how to avoid a traffic ticket in New York | Law Office of James Medows

14 Nov how to avoid a traffic ticket in New York

how to avoid a traffic ticket in New York

Generally, you want to keep your violations off your record as long as possible. In most cases, anything can be removed from your record if you let enough time go by—in some states, up to 10 years. However, certain offenses are always on your record. In New York, for example, speeding tickets and seat belt violations stay on your driving record permanently. Make sure you know which of your tickets will remain on your permanent driving history before going to court or deciding not to contest a ticket. Also be aware that points added to licenses count against drivers in different ways depending on where they live: In some places it increases insurance rates; in others it can lead to suspension or revocation of driver’s license.

You can also take steps to avoid getting your first speeding or red-light camera tickets. The most obvious method is to drive at safe speeds and follow all traffic laws. If you find yourself driving faster than you normally would in order to get somewhere faster, remind yourself that you are driving too fast—and slow down before it’s too late. When preparing for an approaching light, pay attention to how long it has been yellow and what time it is set to turn red; if you think there might be enough time for you to speed up or brake down before it changes, slow down now so that you don’t have any trouble at all.

If you’re traveling through New York, make sure to stay on your best behavior—the state takes speeding and other violations very seriously. Fines are based on how fast you were going over the speed limit, but usually exceed $100. If your car is seized by authorities after multiple infractions, fines could increase to over $1,000. Fortunately, there are many things you can do to avoid paying these high fees. First of all, keep in mind that tickets aren’t necessarily issued immediately after an infraction; so if you speed through an area one day and receive a ticket sometime later (as long as it was within 90 days), you might be able to avoid paying higher fees than what was originally assessed at time of offense.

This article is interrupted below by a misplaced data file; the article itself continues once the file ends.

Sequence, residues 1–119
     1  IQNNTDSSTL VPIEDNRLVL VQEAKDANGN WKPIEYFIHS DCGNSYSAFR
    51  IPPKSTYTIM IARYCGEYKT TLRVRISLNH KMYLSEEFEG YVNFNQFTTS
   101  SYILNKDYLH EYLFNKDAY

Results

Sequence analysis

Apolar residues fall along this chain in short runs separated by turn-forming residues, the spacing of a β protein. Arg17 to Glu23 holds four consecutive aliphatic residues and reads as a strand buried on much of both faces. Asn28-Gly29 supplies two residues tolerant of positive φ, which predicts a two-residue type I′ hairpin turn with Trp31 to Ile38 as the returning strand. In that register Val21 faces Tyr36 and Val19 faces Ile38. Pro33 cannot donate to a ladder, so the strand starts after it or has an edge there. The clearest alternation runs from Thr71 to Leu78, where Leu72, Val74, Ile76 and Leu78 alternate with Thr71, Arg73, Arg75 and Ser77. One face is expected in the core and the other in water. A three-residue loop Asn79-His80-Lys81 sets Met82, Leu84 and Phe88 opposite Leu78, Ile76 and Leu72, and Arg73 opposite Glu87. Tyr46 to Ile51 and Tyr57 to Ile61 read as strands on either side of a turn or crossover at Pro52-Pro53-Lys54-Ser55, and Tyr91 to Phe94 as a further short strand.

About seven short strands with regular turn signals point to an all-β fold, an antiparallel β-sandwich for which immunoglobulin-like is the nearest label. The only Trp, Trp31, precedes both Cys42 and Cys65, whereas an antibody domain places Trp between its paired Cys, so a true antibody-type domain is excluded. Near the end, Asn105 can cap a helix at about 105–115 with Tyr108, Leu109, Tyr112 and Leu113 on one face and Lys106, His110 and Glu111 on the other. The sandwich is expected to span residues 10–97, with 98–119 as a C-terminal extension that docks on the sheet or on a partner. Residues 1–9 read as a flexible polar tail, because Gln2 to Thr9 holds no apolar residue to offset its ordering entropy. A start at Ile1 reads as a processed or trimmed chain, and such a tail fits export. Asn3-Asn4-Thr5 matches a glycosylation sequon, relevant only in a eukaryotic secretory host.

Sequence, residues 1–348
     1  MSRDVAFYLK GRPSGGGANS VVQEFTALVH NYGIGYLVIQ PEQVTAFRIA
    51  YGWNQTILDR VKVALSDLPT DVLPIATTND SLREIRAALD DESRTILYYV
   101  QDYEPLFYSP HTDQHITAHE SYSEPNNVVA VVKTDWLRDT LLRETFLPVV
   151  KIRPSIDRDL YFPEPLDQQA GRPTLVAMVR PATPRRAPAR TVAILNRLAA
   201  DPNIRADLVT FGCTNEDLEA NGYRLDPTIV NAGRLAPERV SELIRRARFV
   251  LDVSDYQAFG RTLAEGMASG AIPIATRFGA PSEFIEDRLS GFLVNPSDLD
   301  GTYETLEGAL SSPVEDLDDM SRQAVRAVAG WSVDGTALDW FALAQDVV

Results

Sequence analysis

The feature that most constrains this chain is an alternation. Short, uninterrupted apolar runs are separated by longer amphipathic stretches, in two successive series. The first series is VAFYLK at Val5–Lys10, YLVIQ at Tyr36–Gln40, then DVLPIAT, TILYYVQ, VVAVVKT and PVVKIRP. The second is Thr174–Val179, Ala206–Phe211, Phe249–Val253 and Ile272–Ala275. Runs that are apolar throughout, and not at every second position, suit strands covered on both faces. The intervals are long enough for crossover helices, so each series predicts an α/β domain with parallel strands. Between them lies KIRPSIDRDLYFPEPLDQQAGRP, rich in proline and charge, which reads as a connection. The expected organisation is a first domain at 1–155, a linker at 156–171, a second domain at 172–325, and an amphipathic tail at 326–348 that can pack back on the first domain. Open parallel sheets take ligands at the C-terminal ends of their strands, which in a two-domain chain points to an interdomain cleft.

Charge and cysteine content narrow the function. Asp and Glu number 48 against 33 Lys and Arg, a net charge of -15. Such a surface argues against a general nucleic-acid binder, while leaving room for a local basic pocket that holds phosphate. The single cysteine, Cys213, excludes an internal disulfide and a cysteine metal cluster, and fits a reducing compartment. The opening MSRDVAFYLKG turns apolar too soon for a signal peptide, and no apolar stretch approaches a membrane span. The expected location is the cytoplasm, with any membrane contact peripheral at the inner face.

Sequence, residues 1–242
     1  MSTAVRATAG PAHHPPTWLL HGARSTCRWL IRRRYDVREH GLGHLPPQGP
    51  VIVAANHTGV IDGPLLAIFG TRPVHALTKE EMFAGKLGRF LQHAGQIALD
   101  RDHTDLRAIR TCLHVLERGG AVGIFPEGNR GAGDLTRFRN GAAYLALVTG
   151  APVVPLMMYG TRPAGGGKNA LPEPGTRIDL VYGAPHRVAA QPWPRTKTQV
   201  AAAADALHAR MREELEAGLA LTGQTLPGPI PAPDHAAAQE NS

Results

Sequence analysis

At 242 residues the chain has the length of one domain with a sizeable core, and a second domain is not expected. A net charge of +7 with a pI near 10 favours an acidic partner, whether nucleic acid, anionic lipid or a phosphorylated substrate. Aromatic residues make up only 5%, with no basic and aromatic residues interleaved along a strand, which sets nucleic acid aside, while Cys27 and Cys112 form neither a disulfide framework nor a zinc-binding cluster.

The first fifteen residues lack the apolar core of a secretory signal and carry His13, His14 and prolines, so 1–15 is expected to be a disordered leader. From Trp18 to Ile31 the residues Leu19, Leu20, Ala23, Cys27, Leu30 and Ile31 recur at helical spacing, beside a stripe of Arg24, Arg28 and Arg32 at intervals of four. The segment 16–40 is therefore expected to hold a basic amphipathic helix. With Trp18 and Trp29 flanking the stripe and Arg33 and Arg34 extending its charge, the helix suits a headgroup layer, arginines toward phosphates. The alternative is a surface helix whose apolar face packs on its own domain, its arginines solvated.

If you are driving around New York City, then you are bound to have to deal with traffic tickets at some point. Whether you’re new to New York or have been driving around for years, these fines can make you wish there was an alternative. There is, and it comes in several varieties. You don’t have to pay your ticket—but first, make sure it wasn’t issued unfairly or accidentally. Just because you got one doesn’t mean that it had to happen. If you got unlucky and were given a fine unfairly, consider fighting it.